For Republicans, the question is whether Mr. Trump’s army of devoted voters comes out to support candidates who have modeled themselves in his image — even when he is not on the ticket.
So far, turnout has kept pace with the record levels of 2018, the first midterm election after Mr. Trump took over the nation’s political consciousness. But strategists on both sides acknowledge that the extraordinary circumstances of this year’s elections, the first since the pandemic began to wane, leave them unsure about who, exactly, will vote.
“We know that for better or worse, ever since Trump came into the scene in 2016, voters are supercharged,” said Molly Murphy, a Democratic pollster and strategist and the president of Impact Research. “But how much of the Trump core shows up is an open question.”
Pennsylvania has emerged as a central focus of both parties, with a narrow Senate race between Mr. Fetterman and Dr. Oz that could decide control of the chamber. In the House, where Republicans need to flip just five seats nationwide to gain power, the party could flip three from Democrats in Pennsylvania alone. And in 2024, Pennsylvania is likely to reprise its crucial role in determining presidential elections.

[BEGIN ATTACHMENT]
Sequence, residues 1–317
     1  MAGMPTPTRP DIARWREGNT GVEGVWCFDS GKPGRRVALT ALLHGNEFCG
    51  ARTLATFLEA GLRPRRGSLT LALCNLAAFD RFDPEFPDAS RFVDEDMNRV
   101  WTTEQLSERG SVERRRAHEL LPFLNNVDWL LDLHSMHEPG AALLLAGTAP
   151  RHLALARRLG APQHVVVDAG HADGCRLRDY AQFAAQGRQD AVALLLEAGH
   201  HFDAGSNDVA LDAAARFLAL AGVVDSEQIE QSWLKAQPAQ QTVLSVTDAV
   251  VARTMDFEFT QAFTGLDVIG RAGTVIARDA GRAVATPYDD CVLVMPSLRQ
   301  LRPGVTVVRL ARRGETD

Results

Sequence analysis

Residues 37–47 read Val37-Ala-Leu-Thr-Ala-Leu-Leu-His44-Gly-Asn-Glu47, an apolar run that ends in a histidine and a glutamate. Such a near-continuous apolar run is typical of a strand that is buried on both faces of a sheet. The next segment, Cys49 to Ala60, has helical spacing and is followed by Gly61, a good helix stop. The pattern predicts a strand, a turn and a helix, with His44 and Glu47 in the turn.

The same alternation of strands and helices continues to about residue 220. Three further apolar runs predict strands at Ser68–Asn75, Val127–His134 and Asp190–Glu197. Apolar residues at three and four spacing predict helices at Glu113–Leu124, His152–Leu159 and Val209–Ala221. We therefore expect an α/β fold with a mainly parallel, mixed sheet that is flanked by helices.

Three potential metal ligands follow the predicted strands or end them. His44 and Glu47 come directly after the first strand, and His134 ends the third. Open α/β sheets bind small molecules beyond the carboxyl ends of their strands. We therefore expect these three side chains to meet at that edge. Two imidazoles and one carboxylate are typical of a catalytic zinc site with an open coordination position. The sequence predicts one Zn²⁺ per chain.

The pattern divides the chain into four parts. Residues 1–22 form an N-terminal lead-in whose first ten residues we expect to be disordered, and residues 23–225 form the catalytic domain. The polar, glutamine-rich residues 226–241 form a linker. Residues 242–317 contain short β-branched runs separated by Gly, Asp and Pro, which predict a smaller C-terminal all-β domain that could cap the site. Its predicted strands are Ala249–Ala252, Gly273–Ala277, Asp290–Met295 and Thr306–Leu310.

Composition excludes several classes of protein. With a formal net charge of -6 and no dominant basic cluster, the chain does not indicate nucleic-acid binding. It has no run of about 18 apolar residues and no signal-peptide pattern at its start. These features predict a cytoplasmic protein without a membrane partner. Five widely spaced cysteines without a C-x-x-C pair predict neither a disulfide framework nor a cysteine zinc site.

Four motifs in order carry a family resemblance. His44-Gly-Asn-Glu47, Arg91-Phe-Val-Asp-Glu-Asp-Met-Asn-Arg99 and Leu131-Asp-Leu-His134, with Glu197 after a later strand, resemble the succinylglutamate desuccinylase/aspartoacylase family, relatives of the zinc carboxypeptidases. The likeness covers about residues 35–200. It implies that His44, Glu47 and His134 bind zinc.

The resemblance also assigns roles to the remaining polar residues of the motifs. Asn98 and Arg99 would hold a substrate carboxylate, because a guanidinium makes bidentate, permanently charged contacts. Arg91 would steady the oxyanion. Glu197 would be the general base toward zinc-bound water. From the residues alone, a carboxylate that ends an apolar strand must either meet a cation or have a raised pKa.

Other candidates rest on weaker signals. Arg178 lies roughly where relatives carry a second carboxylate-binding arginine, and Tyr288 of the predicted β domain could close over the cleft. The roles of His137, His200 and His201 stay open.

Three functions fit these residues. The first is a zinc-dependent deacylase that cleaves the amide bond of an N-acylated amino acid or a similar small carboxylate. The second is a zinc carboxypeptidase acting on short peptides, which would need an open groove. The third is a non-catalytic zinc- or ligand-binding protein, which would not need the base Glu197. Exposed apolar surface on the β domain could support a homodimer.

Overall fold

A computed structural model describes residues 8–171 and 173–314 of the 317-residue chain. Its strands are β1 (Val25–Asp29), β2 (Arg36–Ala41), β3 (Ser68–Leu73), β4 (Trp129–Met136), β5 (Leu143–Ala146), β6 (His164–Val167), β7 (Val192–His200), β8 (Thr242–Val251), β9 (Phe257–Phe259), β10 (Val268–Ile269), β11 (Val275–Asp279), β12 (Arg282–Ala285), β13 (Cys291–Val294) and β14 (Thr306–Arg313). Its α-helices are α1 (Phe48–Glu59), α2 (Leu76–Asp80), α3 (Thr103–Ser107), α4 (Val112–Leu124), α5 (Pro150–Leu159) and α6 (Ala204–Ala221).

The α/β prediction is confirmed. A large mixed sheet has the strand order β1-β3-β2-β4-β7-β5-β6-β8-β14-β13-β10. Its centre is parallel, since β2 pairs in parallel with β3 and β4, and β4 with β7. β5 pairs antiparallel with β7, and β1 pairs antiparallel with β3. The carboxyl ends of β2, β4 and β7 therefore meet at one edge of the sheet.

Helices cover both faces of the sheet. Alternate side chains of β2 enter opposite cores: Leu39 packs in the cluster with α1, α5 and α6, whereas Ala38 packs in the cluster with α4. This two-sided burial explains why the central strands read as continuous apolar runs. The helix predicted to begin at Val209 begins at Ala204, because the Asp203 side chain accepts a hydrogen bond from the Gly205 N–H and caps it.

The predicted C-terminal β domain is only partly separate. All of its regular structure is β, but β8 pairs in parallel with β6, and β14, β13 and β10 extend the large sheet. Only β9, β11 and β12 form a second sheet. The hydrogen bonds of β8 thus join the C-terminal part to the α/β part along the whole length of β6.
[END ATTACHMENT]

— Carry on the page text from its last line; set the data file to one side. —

The state, where television viewers have been targeted with $115 million in political advertising over the past month, captures some of the country’s main tensions, with college-educated liberals concentrated in urban and suburban areas squaring off against blue-collar workers with shifting party loyalties. With their events in the state’s two biggest cities, Mr. Biden and Mr. Obama will potentially reach nearly a quarter of Pennsylvania’s active Democratic voters.
“Inside the confines of the commonwealth, you can find every political tribe in America represented in a big way,” said David Urban, a Republican strategist and a veteran of Pennsylvania politics.
The state has about 420,000 Republicans — about as many as in Arizona, Georgia and Nevada combined — who voted for the first time in 2016, did not cast a ballot in 2018, and then showed up to the polls again in 2020, according to Republican National Committee data. Only about 6 percent of those Pennsylvanians have cast ballots so far this year.